I realized that the saddest part for me was knowing that if I were to lose one of my children, that I’d have missed out on enjoying some of the things that are often “annoying”. I’d miss the clean and folded clothes that have been stuffed into the laundry basket so that they didn’t have to be put away. I’d miss a little voice begging me to sit down and read a story, even though I’m trying to make dinner, fold clothes, wash dishes, write a blog post or take a shower. I’d miss “on-demand” nursing. I’d miss the warmth of a little body climbing into my bed and squishing in-between my husband and I. I’d miss special requests at dinner or snack time. I’d miss the long, drawn-out explanations of ideas from curious and growing little minds. I’d be heart-broken to realize that I hadn’t enjoyed being a mother and instead focused on the annoyances of doing this job 24/7 for years on end. And right there and then I made a decision to ENJOY my children. To love them for the time I have them, dirty hands, food on the floor, whining and all. I’m making a vow to love them the way I want to, despite people who think they should be more disciplined, quieter, cleaner. Despite people who think my family is too large or too poor. I’m just going to love them and enjoy them and hope that I get to keep them for a long, long time.
I learned a valuable lesson yesterday! I learned that I need to appreciate what’s been put before me.
So, now, instead of worrying about the paperwork that’s piling up or the laundry that’s never going to be done, anyway or the messy playroom, I’m going to pack up my 3 youngest kiddos and take a walk to the beach.
I hope you each find a way to appreciate your loved ones today and to vow to love them in your own way, without being hindered by other’s opinions.
Have a great day~
Learning Lessons #7
I’m a planner. I want everything laid out in detail so that I don’t have too many surprises. You can imagine that I have surprises and schedule changes all the time, but I, sort-of, build those in. You know the kind, you’ve sat down to write the budget and the baby gets into something icky and you have to set the budget aside and give him/her a bath. Those, I deal with pretty well. But the other day, I’d planned out the day around work schedules and activities and recording my show. So, I get everyone out the door and get everything set up and my phone rings. The second I looked at my phone I knew I’d made a big mistake. It was one of my sisters and she was at the door. I had TOTALLY forgotten that she had planned to come down to visit! My mind began to race! I was happy that she and my niece were here, but I was frantic about what I was going to do about the show and how my whole plan was blown. I took a big breath and said a little prayer and decided there wasn’t anything I could do. It was my fault for not writing our plans down in my calendar! So, I thought that I better just enjoy this time with family and figure it all out later.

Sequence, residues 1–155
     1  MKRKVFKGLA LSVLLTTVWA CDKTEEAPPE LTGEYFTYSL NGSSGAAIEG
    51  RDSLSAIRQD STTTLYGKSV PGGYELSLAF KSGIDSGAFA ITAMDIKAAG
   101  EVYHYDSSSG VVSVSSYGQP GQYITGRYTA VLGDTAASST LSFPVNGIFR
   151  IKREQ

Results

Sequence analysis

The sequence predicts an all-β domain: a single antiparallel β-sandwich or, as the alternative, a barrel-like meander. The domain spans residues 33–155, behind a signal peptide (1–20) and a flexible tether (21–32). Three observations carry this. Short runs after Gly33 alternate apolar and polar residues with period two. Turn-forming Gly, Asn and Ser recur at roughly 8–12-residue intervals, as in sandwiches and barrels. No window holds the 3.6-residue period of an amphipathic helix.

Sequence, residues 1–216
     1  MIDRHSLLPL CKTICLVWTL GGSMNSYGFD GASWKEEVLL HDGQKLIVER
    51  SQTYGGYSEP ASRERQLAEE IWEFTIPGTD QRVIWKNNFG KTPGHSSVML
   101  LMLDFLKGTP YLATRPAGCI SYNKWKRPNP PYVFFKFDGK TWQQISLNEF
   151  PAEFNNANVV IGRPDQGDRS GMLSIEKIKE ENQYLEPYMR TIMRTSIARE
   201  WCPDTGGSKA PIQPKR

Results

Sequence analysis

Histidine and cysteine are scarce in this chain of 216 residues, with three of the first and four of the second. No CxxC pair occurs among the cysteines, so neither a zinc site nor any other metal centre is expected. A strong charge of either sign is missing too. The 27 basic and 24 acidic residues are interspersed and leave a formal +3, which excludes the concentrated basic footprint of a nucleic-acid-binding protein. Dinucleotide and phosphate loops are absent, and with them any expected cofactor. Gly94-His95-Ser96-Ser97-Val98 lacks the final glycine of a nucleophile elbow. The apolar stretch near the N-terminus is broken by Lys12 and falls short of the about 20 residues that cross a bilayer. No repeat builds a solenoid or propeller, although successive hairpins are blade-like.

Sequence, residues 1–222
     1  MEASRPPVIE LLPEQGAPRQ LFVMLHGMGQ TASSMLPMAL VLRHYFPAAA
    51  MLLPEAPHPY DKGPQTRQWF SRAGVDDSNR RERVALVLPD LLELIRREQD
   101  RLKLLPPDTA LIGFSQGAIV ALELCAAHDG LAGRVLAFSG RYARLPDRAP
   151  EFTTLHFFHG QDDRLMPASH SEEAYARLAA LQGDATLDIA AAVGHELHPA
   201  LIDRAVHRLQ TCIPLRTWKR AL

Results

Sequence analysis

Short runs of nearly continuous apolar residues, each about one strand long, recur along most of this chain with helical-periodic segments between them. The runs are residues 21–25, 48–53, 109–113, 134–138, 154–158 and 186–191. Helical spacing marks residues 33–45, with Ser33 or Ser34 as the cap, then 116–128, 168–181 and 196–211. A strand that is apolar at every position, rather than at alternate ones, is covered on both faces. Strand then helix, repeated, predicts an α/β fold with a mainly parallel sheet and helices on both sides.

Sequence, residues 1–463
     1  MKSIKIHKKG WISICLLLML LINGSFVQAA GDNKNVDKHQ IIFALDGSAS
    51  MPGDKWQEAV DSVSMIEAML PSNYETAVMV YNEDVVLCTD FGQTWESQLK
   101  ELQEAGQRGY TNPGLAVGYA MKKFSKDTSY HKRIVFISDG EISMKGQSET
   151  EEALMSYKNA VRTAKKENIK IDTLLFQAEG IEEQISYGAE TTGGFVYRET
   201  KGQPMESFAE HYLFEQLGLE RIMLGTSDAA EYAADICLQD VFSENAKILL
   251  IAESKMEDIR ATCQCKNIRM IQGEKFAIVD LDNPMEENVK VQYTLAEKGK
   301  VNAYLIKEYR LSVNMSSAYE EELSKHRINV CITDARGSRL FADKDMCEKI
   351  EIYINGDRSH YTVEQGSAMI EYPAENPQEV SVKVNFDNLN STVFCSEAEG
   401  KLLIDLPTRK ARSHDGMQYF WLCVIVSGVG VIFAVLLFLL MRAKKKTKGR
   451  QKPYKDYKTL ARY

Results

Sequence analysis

Guess what-It was great! All my fretting and anxiety over my foiled plan-of-the-day were for nothing! I went outside with them and enjoyed the San Diego Saturday. My kids came home and ran around in the yard with their cousin, we made a nice dinner and ultimately, my show still got done.
So Lesson# 7 is; Be Flexible! Don’t get so boxed into your schedule or plans that a nice surprise can’t be enjoyed.
Have a great day~
Learning Lessons #8
As a parent, one of our biggest and often toughest jobs is teaching our kiddos the lessons they need to lead a successful, happy and productive life. It would all be so much “easier” and “peaceful” if we could just take the hands-off approach and give in to every whim, want and fit. But that wouldn’t be parenting. That would simply be existing. Sometimes I’m tempted to exist because I’ve taught the same lessons over and over with each child.
Lately I’ve had a morning issue with one of my younger kiddos who’s learning (or needing to learn) some time management skills. Every morning he drags behind in the routine and often forgets to put things into his backpack or to brush his teeth. This means I’m constantly reminding and rushing him. Often times all the other kids will be in the car and he’ll still have no shoes on, no backpack ready and his teeth are unbrushed. It makes me want to pull my hair! I’m trying different ideas to keep him on task, but so far none have worked. I’m getting ready to make him a check list that he can carry with him in the mornings.
This morning when everyone was in the car and I had to come back into the house to move him along, I handed him his backpack and he started complaining that he was cold and needed a sweatshirt and was thirsty and needed water. I decided to teach a lesson about being uncomfortable because of your own actions. I told him that he’d just have to get a drink at school and that he’d have to feel a little cold today because he didn’t get his uniform together in a timely manner and that every time he feels cold today that he will have a chance to remember that if he had gotten things together on time that he’d be warm.